Phones must now launch with Android 11 or they shouldn't launch at all

OnePlus Nord
OnePlus Nord (Image credit: Apoorva Bhardwaj / Android Central)

I was pretty excited to see OnePlus expanding its budget offerings with the Nord line coming to the U.S. It comes at a time when people who need a phone right now might also need a cheap phone and we're seeing the company's prices rise for its premium line of phones like the OnePlus 8T. Better inexpensive phones are always a good thing.

Inexpensive phones are great. Keeping them updated makes them better.

Then my excitement faded a good bit when I found out that the Nord N10 5G and N100 would ship with Android 10 and only get one Android version update. When you ship a phone that's already a version behind, is getting on the current platform really an update?

Of course, OnePlus isn't alone here. Plenty of cheaper Android phones only get one update and the very cheapest might not get updated at all. And OnePlus is promising two years' worth of security updates which are more important than platform updates even if they aren't as glamorous. But it still rubs me wrong.

Though not as well known these days, Nokia can sell phones that are just as cheap and offer two updates along with three years of security updates. And those phones usually ship with the latest version already on board, just like OnePlus' most recent phone, the OnePlus 8T.

At the complete opposite end of the spectrum, even Samsung is getting good about updating its budget-minded phones with several Android versions. Samsung was the perennial laughing stock when it came to Android updates but the company has spun a full 180-degrees. Who would have thought that in 2021 we would want OnePlus to be as good as Samsung when it comes to platform updates?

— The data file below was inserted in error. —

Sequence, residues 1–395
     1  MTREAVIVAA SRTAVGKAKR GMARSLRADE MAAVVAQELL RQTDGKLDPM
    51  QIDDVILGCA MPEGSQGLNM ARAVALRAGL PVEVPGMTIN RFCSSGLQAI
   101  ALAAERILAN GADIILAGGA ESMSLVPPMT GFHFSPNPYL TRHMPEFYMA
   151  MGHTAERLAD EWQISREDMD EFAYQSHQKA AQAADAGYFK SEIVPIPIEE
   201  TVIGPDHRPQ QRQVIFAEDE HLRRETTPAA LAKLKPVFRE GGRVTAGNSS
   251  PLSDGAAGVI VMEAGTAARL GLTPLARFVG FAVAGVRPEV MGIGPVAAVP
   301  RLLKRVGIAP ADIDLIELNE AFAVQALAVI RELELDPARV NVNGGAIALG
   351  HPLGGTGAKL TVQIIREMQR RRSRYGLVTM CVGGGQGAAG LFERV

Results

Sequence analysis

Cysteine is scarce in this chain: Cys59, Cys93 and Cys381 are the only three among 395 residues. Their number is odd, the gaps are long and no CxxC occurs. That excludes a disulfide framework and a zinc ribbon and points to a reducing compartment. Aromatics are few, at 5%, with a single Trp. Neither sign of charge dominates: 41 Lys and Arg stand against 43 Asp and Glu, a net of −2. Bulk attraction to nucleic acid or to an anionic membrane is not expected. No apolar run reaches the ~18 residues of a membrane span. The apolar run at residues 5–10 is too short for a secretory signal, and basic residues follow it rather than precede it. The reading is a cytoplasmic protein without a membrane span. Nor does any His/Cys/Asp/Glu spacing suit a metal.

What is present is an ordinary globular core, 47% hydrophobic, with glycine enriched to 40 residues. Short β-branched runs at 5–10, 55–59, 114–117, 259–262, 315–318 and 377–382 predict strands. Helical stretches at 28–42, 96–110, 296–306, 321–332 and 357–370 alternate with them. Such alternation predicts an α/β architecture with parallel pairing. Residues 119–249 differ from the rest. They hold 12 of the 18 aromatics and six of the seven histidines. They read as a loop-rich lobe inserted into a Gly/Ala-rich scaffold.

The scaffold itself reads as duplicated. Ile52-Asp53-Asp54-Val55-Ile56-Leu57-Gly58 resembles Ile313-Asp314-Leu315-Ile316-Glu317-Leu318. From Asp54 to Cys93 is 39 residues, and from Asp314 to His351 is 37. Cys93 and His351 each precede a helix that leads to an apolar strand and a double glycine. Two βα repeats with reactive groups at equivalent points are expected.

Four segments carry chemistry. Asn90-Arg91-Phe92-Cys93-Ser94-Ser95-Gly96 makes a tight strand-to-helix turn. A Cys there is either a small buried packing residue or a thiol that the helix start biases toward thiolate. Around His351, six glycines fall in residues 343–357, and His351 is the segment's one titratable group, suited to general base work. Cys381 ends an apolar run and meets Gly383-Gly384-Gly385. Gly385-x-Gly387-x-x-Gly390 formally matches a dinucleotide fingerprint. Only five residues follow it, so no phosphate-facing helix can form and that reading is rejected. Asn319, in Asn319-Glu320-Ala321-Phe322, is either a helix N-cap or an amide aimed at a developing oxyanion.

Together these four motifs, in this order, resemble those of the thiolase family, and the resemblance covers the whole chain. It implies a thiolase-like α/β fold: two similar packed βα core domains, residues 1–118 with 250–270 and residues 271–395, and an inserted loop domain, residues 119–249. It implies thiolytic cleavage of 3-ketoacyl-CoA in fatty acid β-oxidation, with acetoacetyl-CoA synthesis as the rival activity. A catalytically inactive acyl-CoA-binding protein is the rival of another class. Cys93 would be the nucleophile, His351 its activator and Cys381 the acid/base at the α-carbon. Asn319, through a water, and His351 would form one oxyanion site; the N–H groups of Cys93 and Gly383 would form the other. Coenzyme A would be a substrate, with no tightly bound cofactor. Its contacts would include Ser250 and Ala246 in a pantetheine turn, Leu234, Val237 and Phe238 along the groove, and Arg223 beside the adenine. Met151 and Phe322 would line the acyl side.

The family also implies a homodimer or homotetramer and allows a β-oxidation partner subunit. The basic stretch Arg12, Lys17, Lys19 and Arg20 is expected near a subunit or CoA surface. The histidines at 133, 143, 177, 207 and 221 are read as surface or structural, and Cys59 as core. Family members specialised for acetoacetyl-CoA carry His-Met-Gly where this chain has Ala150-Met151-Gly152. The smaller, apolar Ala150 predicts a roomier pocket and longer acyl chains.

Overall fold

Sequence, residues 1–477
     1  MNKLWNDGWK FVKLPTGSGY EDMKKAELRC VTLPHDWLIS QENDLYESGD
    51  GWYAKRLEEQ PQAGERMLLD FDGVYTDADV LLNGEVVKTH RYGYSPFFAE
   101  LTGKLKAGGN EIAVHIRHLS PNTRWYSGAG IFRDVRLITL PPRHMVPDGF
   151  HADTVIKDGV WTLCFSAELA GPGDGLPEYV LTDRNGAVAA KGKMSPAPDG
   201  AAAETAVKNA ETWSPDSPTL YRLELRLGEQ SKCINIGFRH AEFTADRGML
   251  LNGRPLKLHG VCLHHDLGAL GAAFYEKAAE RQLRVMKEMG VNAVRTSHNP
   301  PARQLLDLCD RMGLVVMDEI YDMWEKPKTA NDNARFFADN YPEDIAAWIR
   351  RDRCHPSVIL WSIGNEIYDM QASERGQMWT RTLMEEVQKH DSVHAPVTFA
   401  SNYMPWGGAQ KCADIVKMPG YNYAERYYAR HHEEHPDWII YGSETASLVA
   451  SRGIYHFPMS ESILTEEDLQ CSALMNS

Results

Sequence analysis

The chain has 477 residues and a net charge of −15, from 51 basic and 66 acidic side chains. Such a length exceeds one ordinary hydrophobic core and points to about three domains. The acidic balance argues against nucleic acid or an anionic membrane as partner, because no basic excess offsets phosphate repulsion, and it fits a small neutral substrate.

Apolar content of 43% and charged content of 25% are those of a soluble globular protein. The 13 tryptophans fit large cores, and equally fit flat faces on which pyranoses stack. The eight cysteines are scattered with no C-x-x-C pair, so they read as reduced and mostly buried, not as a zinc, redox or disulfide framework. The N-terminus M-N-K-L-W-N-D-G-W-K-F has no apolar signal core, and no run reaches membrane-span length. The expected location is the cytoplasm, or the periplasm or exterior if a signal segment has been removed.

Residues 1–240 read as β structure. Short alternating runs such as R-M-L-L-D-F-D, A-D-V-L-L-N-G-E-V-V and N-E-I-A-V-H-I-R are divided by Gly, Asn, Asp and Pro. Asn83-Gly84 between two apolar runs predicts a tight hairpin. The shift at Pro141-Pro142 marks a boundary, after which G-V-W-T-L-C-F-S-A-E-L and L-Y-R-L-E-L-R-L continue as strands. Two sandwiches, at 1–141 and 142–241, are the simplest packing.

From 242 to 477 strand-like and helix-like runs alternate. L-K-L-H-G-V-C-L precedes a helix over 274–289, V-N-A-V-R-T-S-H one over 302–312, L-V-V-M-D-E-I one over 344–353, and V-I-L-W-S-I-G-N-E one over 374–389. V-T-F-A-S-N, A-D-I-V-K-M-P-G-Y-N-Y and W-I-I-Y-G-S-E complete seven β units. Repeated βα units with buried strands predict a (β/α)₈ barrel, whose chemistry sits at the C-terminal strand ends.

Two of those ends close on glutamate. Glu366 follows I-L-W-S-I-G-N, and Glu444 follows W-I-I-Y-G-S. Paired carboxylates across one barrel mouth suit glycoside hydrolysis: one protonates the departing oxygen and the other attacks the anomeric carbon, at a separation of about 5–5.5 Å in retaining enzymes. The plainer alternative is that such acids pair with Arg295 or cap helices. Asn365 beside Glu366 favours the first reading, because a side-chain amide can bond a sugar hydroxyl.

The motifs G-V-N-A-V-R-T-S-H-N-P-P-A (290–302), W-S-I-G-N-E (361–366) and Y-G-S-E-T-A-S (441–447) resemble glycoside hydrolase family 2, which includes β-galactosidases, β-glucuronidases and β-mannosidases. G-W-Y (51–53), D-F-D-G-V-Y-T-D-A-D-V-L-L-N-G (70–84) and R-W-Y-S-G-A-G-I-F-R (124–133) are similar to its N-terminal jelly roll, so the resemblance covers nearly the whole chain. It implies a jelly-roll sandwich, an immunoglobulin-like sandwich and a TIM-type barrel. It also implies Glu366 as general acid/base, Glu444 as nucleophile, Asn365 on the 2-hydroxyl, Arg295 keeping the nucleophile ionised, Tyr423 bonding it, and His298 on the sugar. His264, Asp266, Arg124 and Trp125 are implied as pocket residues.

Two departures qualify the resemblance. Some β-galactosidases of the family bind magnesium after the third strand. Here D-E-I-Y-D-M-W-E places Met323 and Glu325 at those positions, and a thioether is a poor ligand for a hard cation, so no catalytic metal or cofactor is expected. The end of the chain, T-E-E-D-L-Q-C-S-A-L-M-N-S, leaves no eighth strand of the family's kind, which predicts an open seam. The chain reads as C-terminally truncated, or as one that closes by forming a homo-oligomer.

Gather up every reason why a company does this and you see one thing: $.

There are a lot of reasons a company would make this decision, but chances are they all have something to do with money. Nobody is 100% sure of how agreements between phone makers and chip makers about platform updates are handled, but I am 100% sure that Qualcomm and the rest aren't doing it out of the goodness in their hearts. After that, it takes time and money to rebuild software on the new platform, then test it, then fix bugs, then start all over again. Building a full OS update for a large customer base is not easy.

But again, Nokia can do it. I don't even have to look to the Pixel 4a, one of the best budget Android phones you can buy, as a shining example of how a company can update cheap phones because Nokia can do it. And this isn't the mega-conglomerate dominating Nokia of the past — this is HMD global building and selling phones with the Nokia brand.

Pixel 4a Alex Google Launcher Assistant

Source: Alex Dobie / Android Central (Image credit: Source: Alex Dobie / Android Central)

I think the biggest reason I'm so salty about this is that I've been burned by a very similar scenario. TCL and the remnants of BlackBerry Mobile screwed every KEY2 user and that happened to be one of my favorite and easy to use phones. I know hearing a promise about future updates that's weak to begin with isn't going to turn out well. At this point, I just hope OnePlus comes through with quarterly security updates for the Nord line.

I want to love the new Nords, but I think you'd be better off with a Pixel 4a.

Every phone you buy today should get five full years of updates, both platform updates, and all relevant security patches. My mind is made up on this and nothing is going to change that. Excuses aside, Apple can update a $299 iPhone SE for five or more years, so OnePlus can do the same.

That's never going to happen. But still, Nokia can deliver multiple platform updates and three years of security updates for a $130 Nokia 2.3. OnePlus could do the same if it wanted to.

Jerry Hildenbrand
Senior Editor — Google Ecosystem

Jerry is an amateur woodworker and struggling shade tree mechanic. There's nothing he can't take apart, but many things he can't reassemble. You'll find him writing and speaking his loud opinion on Android Central and occasionally on Twitter.